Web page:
Is there anything else you’d like to tell the Mixed-Up Files readers?

I write books that are contemporary, but have a “This would never happen!” vibe. The thing is, I’m basically that kid—my character—when I’m writing. In my world, it not only could happen, it did. I hope readers will connect with the characters in SIX FEET BELOW ZERO, but mostly I hope they enjoy the ride.

I also want to thank Elizabeth Law and Greg Pincus, who graciously allowed me to share the above exercise.


I definitely enjoyed the ride. 🙂 Thanks so much for stopping by the Mixed-Up Files again, Ena…and for generously donating a copy of SIX FEET BELOW ZERO, a bookmark and recipe card to two lucky winners. Enter the Rafflecopters below!

A dead body. A missing will. An evil relative. The good news is, Great Grammy has a plan. The bad news is, she’s the dead body.

Rosie and Baker are hiding something. Something big. Their great grandmother made them promise to pretend she’s alive until they find her missing will and get it in the right hands. The will protects the family house from their grandmother, Grim Hesper, who would sell it and ship Rosie and Baker off to separate boarding schools. They’ve already lost their parents and Great Grammy–they can’t lose each other, too.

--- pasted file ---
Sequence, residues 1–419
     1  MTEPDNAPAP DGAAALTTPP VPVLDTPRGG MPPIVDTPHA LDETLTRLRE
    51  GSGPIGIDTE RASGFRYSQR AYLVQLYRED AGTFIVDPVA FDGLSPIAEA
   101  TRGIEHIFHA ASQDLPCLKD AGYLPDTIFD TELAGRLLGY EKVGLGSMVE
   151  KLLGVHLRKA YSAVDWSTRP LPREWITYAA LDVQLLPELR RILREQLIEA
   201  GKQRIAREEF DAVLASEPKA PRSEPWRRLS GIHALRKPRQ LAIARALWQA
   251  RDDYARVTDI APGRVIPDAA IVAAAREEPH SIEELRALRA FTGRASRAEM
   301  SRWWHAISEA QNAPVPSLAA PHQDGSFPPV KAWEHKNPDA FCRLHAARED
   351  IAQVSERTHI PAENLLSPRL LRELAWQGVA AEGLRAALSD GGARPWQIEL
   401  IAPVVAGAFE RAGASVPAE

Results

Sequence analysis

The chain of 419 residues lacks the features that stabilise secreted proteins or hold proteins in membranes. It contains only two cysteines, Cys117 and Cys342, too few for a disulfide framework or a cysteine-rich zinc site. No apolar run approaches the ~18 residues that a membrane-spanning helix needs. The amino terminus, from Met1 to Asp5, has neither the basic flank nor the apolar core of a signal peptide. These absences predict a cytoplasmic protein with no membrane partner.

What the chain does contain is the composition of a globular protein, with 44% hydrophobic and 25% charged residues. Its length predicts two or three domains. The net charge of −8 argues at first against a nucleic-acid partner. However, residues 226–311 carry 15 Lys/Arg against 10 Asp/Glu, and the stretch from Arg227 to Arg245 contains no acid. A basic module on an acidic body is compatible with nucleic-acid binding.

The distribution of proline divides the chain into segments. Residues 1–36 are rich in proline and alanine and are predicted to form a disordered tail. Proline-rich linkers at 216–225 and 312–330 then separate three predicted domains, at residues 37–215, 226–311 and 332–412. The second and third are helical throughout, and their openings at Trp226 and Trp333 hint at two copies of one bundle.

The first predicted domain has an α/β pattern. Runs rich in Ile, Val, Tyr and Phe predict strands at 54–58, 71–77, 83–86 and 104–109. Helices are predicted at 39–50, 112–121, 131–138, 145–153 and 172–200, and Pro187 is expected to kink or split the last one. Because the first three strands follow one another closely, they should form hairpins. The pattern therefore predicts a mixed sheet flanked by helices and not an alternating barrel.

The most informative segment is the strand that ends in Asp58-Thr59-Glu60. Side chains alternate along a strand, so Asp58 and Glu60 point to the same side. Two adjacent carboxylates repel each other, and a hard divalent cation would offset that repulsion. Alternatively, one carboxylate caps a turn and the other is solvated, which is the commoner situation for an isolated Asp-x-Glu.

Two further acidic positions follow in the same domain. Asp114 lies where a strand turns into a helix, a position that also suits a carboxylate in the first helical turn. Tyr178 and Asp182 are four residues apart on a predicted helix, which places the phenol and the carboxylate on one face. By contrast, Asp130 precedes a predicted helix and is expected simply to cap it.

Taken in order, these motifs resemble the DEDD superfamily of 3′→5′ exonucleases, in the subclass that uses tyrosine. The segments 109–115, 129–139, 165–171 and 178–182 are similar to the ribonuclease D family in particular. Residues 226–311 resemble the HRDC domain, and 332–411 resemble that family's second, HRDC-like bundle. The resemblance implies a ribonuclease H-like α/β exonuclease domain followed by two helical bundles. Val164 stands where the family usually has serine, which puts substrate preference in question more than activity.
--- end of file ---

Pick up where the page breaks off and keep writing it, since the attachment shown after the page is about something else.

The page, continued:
The siblings kick it into high gear to locate the will, keep their neighbors from prying, and safeguard the house. Rosie has no time to cope with her grief as disasters pop up around every carefully planned corner. She can’t even bring herself to read her last-ever letter from Great Grammy. But the lies get bigger and bigger as Rosie and Baker try to convince everyone that their great grandmother is still around, and they’ll need more than a six-month supply of frozen noodle casserole and mountains of toilet paper once their wicked grandmother shows up!


One copy of SIX FEET BELOW ZERO is open to everyone in the U.S. and Puerto Rico.

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One copy of SIX FEET BELOW ZERO will go to a teacher, media specialist or book blogger in the U.S. or Puerto Rico. 

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Winners will be announced on April 15. Good luck everyone!